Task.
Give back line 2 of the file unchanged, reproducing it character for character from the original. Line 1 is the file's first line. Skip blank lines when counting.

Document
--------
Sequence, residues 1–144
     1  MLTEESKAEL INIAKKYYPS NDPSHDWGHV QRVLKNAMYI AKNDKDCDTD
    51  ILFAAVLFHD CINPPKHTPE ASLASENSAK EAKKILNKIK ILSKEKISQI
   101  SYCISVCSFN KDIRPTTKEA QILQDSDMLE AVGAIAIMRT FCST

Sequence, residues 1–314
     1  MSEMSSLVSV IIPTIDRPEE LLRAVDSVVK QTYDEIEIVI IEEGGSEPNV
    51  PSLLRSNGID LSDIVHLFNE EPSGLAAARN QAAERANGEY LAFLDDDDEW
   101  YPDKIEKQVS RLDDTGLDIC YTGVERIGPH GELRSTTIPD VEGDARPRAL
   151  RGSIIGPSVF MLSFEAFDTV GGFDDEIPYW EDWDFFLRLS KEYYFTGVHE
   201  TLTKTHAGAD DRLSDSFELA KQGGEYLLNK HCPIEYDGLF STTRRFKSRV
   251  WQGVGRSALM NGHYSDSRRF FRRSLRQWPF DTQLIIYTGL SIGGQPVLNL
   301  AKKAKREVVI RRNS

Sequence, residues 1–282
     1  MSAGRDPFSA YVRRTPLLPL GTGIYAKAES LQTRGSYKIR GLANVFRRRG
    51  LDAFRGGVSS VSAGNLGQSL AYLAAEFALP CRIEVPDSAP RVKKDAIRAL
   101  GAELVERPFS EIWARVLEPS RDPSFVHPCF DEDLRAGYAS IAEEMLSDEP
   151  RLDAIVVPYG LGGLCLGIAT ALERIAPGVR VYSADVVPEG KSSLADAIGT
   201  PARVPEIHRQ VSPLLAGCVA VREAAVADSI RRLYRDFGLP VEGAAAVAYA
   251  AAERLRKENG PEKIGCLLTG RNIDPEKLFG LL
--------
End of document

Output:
     1  MLTEESKAEL INIAKKYYPS NDPSHDWGHV QRVLKNAMYI AKNDKDCDTD